The Anchorage School District still plans to resume in-person learning in about two weeks for its younger and higher-needs special education students.
That’s according to an email Superintendent Deena Bishop sent Sunday evening to families. Bishop is sending the email updates on the status of schooling on the first and 15th of every month. Sunday’s update comes as the number of known coronavirus cases continues to skyrocket in the city, and as the district faces criticism from some for its decision to bring kids back to classrooms given the state of the pandemic.
Bishop defended the district’s plan to resume in-person learning in Sunday’s message.
“I acknowledge the range of opinions around this decision and the valid concerns surrounding the rise in cases in our community,” she wrote. “However, I am convinced by growing evidence in our own District and across the country that students’ learning outcomes and other important social emotional needs are better served when they are physically in schools.”
Bishop first announced in mid-October that the school district would resume in-person instruction for students in pre-K through 2nd grade at its roughly five dozen elementary schools on Nov. 16. Higher-needs special education students through sixth grade go back the same day, as well as students at the Whaley School.
In Sunday’s email, Bishop wrote that families can choose whether to send students back to in-person school. Those who don’t want to return should enroll in the ASD Virtual Program, she wrote. Or, if families want to wait to decide, a team of teachers and principals are finalizing a plan for video-based reading and math lessons.
Also, Bishop wrote, the district will post on its website each elementary school’s health and safety plan for in-person instruction by Wednesday. Teachers and staff will be trained on the new protocols during an in-service day on Tuesday.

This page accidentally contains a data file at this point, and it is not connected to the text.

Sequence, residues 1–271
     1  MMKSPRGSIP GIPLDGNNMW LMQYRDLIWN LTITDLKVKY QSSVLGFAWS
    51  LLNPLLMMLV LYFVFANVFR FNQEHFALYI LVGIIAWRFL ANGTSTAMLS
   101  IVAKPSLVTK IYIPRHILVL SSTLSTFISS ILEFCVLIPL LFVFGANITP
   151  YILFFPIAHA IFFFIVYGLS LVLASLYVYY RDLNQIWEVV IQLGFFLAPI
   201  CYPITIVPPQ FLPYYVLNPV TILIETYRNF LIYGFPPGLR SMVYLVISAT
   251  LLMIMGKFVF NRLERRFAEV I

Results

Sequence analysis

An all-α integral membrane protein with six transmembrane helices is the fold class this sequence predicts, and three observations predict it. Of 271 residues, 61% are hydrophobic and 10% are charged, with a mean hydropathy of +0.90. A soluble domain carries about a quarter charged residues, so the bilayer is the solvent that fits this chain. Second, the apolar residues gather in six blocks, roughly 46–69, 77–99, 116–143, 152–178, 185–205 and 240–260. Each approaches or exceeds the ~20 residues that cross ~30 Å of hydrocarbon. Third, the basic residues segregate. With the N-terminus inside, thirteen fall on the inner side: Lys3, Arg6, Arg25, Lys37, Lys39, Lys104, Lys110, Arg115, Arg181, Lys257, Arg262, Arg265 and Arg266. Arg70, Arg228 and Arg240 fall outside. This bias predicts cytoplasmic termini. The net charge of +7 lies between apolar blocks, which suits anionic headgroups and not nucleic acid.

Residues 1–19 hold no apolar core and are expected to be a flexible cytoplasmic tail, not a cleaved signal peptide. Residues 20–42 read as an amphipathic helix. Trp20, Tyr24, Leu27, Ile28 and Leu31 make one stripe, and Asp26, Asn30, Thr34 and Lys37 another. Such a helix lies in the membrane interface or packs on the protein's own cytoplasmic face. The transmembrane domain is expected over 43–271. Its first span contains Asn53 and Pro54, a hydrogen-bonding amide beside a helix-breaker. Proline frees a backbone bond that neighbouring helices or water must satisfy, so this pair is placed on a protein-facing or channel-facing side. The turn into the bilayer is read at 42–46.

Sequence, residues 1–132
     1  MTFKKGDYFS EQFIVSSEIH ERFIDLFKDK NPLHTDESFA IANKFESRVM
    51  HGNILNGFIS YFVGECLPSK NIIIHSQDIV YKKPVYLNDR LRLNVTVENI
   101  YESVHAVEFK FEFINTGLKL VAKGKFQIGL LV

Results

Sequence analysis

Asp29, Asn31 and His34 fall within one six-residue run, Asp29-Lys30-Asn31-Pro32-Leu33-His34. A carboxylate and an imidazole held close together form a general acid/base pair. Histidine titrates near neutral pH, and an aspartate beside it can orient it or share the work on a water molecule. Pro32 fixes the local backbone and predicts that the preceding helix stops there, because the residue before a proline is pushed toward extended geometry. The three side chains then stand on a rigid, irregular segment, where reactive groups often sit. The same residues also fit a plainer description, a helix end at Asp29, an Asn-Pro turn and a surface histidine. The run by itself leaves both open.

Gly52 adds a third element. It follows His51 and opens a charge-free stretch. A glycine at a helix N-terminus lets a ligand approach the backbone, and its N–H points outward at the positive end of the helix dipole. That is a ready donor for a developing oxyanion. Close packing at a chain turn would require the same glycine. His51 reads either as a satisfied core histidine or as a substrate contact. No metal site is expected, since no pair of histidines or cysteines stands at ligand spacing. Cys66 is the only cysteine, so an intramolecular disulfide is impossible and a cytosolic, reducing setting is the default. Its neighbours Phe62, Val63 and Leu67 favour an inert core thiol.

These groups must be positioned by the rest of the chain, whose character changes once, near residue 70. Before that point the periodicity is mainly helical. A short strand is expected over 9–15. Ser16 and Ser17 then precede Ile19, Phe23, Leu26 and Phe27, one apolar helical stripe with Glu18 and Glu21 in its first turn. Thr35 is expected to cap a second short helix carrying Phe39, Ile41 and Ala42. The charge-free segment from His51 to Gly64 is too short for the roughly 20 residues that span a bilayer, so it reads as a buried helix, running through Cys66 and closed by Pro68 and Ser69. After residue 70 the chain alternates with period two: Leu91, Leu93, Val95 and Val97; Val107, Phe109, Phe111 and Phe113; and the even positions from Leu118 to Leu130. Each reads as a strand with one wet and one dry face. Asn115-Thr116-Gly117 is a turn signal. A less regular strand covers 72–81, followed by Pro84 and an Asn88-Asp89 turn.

“We understand the risks, and though we cannot eliminate them, we have gone to great lengths to plan for mitigation,” Bishop wrote.
Bishop asked families with children in pre-K through second grade to fill out a survey sent by principals about whether they’ll return to in-person instruction. Those answers will help schools make decisions on staffing and measures to keep students further apart, Bishop wrote.
Anchorage families, Alaska Public Media wants to hear from you. What are your thoughts and questions about the Anchorage School District’s plan to resume in-person learning? Email reporter Tegan Hanlon at firstname.lastname@example.org.
Here’s the full email from Superintendent Deena Bishop on Sunday:
Dear ASD Families,
The Anchorage School District is moving forward with its plan to bring students in Pre-K – Grade 2, the Whaley School, and elementary self-contained special education programs back into school buildings on November 16 for those families ready to get back to face-to-face education.